Rotuman communities in Aotearoa

A starting point for building your understanding of Rotuman culture. This article includes some common concepts, terms and phrases that families in Aotearoa might use and value. Read it alongside the related page Pacific peoples and cultures in Aotearoa.

Land and people

Rotuma is a volcanic island surrounded by 8 islets. Despite being a Fijian dependency island situated 500 kilometres north of Fiji, Rotuma boasts its own culture and language. 

Rotuma is divided into 7 autonomous districts. Each of these districts has its own chief, the Gagaj 'es Itu'u.

According to statistics published in 2018, more Rotuman people live in Aotearoa, Fiji, and other countries than those that live on Rotuma Island.

The Rotuman language is recognised as endangered with only 15,000 people in the world speaking it. The Rotuman community in Aotearoa is determined to safeguard their unique language from extinction in future generations. Rotuman people in Aotearoa play a big role in keeping the language alive by sharing knowledge and actively practising it.

Aotearoa supports the Rotuman community through the Pacific Language Week series, which showcases the diverse cultures and languages of Pacific peoples. Gasav Ne Fäeag Rotuạm Ta – Rotuman Language Week promotes Rotuman cultural pride and linguistic heritage.


Rotuman people have 3 levels: the district level, the ho’aga level, and the family level.

Rotuman family structure
Rotuman family structure

Gagaj or fa’es itu’u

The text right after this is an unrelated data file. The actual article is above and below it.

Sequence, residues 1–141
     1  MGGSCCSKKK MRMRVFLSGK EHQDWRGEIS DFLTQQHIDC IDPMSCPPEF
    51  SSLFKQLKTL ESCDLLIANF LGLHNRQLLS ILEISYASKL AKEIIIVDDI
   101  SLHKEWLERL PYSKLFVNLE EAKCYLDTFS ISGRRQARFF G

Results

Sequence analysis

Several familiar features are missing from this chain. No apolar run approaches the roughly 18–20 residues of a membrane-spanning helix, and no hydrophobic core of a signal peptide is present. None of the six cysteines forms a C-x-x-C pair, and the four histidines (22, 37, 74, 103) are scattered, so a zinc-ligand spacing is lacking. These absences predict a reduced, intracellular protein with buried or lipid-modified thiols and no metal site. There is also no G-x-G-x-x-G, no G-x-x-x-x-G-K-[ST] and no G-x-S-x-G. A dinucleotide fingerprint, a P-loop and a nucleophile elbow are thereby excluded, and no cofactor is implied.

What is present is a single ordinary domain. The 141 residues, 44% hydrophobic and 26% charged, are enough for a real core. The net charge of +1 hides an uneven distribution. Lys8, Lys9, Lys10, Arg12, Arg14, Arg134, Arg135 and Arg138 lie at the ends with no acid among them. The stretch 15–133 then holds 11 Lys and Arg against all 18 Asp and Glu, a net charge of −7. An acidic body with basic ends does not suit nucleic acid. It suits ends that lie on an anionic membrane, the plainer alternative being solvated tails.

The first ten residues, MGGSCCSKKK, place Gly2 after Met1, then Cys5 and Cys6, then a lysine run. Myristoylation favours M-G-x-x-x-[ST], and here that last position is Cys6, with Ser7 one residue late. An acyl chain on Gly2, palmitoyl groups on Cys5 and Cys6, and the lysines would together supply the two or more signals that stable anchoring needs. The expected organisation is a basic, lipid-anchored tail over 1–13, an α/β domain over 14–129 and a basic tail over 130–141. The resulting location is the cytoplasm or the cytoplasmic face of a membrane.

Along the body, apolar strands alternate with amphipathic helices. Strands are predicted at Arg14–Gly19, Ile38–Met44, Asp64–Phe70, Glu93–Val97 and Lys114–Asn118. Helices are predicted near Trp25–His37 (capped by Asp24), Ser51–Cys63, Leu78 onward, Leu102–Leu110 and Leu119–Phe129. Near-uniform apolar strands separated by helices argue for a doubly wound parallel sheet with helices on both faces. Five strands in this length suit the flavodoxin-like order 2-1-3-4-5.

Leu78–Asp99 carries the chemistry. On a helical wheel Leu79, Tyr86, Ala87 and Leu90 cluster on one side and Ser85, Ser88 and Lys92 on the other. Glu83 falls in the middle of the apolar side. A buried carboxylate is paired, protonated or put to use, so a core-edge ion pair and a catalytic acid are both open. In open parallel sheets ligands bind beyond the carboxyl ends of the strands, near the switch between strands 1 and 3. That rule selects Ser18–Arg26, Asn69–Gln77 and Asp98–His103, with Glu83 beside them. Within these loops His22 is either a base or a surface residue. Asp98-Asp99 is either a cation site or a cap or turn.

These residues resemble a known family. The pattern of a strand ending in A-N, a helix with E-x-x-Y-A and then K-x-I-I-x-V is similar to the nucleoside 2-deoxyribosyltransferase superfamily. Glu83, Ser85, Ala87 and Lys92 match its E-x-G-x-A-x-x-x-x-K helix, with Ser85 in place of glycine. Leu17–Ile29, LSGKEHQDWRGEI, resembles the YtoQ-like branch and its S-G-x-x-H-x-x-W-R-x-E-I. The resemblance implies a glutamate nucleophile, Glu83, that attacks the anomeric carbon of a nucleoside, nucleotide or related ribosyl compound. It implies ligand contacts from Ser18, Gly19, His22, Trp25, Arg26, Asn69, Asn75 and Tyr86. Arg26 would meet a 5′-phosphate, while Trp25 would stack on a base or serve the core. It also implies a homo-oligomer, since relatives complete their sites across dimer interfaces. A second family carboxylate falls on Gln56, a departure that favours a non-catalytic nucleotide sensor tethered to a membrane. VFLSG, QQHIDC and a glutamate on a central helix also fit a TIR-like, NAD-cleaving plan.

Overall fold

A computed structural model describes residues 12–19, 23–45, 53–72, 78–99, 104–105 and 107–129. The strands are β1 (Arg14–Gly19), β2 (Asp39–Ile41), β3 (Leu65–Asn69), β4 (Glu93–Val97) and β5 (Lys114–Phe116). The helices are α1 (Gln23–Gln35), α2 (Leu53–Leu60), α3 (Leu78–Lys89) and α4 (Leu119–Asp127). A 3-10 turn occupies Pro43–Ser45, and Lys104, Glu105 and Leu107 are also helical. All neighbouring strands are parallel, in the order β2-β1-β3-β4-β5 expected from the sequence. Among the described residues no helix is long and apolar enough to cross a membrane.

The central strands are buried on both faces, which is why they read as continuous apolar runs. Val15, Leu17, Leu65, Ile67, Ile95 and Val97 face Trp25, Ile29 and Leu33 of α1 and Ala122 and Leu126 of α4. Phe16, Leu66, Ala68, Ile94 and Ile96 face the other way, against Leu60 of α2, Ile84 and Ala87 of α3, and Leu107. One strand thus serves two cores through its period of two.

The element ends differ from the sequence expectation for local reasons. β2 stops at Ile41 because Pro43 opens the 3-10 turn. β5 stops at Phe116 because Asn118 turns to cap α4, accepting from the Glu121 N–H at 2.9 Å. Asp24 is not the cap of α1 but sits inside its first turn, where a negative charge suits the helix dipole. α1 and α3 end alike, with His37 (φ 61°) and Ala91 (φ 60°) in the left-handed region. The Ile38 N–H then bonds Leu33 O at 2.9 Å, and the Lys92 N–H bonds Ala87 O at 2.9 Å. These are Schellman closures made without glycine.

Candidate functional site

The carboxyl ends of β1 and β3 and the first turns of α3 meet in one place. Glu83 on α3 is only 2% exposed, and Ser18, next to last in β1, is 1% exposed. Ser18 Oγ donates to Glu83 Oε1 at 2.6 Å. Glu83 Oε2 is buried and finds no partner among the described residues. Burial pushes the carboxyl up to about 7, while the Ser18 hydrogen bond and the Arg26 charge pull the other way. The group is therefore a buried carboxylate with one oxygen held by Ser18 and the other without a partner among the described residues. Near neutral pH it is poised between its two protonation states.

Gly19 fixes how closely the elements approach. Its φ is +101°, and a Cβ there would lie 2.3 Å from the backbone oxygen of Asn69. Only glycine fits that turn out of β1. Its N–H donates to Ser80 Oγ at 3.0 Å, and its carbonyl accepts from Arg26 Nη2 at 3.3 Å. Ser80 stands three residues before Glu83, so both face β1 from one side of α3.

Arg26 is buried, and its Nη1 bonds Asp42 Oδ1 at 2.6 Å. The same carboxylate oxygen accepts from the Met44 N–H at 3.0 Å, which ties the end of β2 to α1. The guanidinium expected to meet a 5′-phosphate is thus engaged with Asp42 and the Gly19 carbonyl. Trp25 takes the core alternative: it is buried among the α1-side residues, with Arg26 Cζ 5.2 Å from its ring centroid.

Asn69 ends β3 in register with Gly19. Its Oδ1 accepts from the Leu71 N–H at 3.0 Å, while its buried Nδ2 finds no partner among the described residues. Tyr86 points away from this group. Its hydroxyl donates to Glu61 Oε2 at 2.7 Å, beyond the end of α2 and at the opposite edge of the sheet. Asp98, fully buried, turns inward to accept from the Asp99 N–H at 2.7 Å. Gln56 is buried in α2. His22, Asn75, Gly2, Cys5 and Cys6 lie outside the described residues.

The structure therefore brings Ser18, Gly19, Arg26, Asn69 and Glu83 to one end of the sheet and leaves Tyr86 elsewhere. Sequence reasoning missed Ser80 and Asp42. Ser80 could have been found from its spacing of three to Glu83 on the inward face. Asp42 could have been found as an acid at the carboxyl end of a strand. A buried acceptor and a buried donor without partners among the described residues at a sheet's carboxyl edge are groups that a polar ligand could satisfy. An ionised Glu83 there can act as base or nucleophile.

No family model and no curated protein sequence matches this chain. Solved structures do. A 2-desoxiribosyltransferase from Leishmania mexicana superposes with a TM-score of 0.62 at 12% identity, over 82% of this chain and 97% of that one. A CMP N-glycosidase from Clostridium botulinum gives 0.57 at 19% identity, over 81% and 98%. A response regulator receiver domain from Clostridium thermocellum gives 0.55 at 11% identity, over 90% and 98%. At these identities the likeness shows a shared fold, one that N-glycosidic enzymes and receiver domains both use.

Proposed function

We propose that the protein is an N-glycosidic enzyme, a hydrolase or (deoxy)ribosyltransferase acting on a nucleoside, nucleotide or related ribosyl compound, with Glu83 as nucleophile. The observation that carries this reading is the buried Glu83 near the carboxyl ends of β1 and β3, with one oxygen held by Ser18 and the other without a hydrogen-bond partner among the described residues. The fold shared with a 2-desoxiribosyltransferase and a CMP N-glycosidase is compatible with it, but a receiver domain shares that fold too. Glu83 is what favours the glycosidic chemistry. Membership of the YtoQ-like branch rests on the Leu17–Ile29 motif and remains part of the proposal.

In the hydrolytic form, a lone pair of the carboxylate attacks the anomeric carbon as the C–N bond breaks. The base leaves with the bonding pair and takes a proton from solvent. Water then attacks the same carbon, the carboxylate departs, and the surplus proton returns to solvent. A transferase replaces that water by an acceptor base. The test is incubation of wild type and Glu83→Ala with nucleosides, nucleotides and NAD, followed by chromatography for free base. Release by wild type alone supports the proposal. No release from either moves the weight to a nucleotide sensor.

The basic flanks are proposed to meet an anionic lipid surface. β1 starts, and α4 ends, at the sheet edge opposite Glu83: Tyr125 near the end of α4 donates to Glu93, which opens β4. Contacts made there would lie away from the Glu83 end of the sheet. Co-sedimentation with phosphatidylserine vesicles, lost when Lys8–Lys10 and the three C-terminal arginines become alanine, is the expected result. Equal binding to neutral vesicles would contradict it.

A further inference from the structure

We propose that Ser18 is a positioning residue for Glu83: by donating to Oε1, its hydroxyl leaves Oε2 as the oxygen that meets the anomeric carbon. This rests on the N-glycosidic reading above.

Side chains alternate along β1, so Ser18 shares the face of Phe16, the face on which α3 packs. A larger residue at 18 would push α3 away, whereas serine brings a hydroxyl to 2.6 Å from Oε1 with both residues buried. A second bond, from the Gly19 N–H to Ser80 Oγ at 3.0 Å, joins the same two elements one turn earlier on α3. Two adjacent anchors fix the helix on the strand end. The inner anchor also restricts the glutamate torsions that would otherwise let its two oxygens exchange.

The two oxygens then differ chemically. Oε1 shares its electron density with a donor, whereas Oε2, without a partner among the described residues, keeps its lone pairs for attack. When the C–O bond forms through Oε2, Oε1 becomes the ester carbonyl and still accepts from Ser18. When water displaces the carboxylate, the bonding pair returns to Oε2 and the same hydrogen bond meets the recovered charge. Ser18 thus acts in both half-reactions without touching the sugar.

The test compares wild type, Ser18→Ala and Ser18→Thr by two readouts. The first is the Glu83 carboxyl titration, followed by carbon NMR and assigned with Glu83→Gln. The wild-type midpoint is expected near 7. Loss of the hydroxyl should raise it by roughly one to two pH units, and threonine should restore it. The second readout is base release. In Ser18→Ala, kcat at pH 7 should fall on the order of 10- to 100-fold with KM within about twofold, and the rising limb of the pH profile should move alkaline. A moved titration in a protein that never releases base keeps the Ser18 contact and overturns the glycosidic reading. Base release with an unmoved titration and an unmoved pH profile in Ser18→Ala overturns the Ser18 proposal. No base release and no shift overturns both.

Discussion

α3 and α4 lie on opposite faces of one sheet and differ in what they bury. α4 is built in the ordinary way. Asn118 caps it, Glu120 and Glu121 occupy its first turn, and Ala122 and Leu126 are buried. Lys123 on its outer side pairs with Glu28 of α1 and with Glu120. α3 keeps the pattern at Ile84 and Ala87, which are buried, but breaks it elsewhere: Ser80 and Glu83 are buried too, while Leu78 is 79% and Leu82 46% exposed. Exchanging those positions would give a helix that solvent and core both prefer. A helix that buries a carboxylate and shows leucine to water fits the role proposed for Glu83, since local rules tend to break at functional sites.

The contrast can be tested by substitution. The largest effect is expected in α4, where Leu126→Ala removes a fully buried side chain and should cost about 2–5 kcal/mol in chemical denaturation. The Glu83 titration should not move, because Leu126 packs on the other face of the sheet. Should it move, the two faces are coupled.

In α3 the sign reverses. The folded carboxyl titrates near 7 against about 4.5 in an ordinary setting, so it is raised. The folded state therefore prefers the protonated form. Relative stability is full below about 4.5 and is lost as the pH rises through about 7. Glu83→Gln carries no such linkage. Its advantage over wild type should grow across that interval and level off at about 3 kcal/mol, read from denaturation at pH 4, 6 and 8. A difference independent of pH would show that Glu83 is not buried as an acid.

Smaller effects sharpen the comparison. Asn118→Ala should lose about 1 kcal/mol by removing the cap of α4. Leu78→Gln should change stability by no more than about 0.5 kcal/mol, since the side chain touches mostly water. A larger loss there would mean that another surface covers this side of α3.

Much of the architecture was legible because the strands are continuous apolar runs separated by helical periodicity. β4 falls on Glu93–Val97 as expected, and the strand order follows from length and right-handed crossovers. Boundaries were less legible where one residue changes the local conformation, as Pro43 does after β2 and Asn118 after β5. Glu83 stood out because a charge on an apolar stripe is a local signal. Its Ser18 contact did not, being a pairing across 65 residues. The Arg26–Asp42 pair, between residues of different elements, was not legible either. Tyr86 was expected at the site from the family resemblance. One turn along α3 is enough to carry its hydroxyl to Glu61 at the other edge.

Rotuma has 7 itu’u (districts). The gagaj or fa’es itu’u (chief of a district) is appointed by a kainaga (clan) which lays claim to mosega, the chiefly title. Once the gagaj (chief) assumes the role of leader, his residence becomes the fuag ri and he rules over all the lands associated with it.

The passing of chiefhood is done through a ritual called huliạg ne ‘umefe, which means “to turn over the eating platform.” During this ritual, the next chief is given a chiefly name.

Since the title of chief can not be inherited, no Rotuman is born a chief. All chiefs are made.

Gagaj ‘es hoaga

The districts of Rotuma are divided into sub groupings of households called ho’aga. Like the districts themselves, each ho’aga is led by a sub chief called the gagaj ‘es hoaga. The gagaj ‘es hoaga is appointed the same way the gagaj or fa’es itu’u is.


All district headmen and ho’aga headmen have titles that they hold for life. These titles belong to clans associated with the fuag ri, or specific house sites or foundations.

During formal occasions and ceremonies, these titled men, along with dignitaries like ministers, priests, government officials, and distinguished visitors receive special treatment. They occupy a place of honour and are served food from special baskets and kava.

Family roles

In Rotuman culture, parents, grandparents, and older siblings are all responsible for taking care of children. It is common for households to be extended with wider family relatives.

The autonomy of children is valued and respected, seen in the way that children often freely move between households in the vicinity of their family household.

Children are also never excluded from adult-centred events. The use of physical punishment is very rare in Rotuman culture.

Family terms

Rotuman English

Common greetings and phrases

Rotuman English
Greetings or Hello
Greetings everyone
Goodbye and God bless (to those who are leaving)
Goodbye and God bless (to those who are staying)
Thank you
Excuse me
How are you?